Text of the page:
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Falls Church is no longer forcing La Tingeria to shut down by January

The City of Falls Church is no longer forcing La Tingeria to shut down its new restaurant by January, a city spokesperson tells ARLnow.

Last month, the popular Arlington food truck La Tingeria set up shop at 626 S. Washington Street in Falls Church. But only a few weeks later, the city sent a notice to owner David Peña saying it was pulling the restaurant’s certificate of occupancy due to neighbor complaints about customers parking on neighborhood streets.

The shop was going to have to close by Jan. 2, 2022, barring an appeal.

But now, it appears the city is backtracking and will not be revoking La Tingeria’s certificate of occupancy, at least not yet.

“The City of Falls Church and the business owner are working together to create solutions to the parking issue. The owner has already made improvements by marking the onsite parking,” Falls Church Director of Communications Susan Finarelli says. “The City is working with the neighbors and looking at the right-of-way to help with traffic and parking on the dead-end residential street. As this positive momentum continues, we anticipate not revoking the Certificate of Occupancy in January.”

This comes after ARLnow reported on the story and customers reached out to the city to express their support for the restaurant.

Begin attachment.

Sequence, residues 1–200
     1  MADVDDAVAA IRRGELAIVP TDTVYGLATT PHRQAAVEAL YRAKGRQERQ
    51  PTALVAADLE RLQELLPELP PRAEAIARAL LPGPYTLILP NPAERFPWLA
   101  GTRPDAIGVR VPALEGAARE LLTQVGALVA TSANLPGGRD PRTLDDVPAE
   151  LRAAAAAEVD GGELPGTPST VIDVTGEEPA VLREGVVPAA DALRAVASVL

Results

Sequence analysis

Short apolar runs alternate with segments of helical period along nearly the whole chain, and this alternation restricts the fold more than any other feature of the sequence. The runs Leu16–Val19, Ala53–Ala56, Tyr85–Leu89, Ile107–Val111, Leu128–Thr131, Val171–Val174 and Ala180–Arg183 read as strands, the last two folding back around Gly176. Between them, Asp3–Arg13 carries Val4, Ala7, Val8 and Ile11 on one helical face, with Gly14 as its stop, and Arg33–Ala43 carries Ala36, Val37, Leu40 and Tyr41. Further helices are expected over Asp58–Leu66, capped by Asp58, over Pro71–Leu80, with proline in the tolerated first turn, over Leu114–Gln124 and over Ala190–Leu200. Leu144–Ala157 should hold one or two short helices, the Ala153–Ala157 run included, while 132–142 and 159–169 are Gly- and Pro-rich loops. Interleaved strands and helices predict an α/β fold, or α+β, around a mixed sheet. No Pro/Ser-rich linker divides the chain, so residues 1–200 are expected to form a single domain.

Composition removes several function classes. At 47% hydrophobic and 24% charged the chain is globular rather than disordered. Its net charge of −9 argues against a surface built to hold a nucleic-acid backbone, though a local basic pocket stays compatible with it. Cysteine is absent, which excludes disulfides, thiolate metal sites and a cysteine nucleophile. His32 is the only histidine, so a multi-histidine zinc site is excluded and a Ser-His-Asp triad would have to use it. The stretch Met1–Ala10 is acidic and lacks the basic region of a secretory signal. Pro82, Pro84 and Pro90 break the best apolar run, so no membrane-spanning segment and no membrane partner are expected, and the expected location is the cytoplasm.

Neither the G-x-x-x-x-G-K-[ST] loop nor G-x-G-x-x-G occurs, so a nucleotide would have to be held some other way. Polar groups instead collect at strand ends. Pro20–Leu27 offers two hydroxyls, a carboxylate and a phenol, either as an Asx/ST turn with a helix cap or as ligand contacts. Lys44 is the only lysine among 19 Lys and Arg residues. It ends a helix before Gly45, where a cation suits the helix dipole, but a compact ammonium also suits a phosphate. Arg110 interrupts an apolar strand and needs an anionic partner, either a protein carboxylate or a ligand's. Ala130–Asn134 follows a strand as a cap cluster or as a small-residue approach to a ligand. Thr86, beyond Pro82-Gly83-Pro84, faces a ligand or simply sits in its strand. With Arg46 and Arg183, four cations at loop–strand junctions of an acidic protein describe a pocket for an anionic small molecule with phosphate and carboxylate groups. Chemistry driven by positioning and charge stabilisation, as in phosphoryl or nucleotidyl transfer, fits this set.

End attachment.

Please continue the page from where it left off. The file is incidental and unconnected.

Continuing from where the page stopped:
By revoking La Tingera’s certificate of occupancy, the City of Falls Church may have been in violation of the restaurant’s constitutional rights, according to the Ballston-based Institute of Justice, a national nonprofit that helps businesses fight against what it views as government overreach.

“Under the state and federal constitution, people have a right to run their businesses without being subject to unreasonable and arbitrary laws,” senior attorney Erica Smith Ewing told ARLnow. “I think there’s a very strong argument that forcing restaurant owners to be responsible for enforcing the city’s parking laws is completely unreasonable.”

This could have been handled by the city issuing parking tickets, notes Ewing, not the disproportionate response of threatening to shut down a business.

“Especially with the economy as it is, it’s shocking that the city is punishing a restaurant for being too successful,” said Ewing. Locally, the Institute for Justice previously took up legal cases in Arlington after county crackdowns on food trucks and a mural next to a dog park.

In the notice sent to Peña, the city cited that the restaurant’s violation of Sections 48-58 and 48-1004 of the City Code.

When ARLnow reached out to Falls Church about La Tingeria’s violations earlier this week, a city spokesperson was only able to provide one line from section 48-939 that reads “No portion of any required off-street parking or loading space shall occupy or use any public street, right-of-way, alley or property, except by expressed permission of the city council.”

Ewing wasn’t surprised by this lack of clarity.

“This isn’t the first time city officials have said that someone is violating a law and haven’t been able to show them how they’re violating it or why,” she said. “[Peña] shouldn’t have to dig through outdated codes to figure out what he did wrong. The city should be helping him understand and fix the problem.”

It appears that the city is now doing just that with La Tingeria.

Peña tells ARLnow that he’s very happy with this development, but remains fearful there could be more issues going forward.

Despite a challenging first few weeks, he still believes that the Falls Church will be a great home for La Tingeria’s popular queso birria tacos and chicken tinga.

“I absolutely [want] to stay here and see how much we can grow,” Peña says. “This is just the beginning.”

Photo (2) via Google Maps

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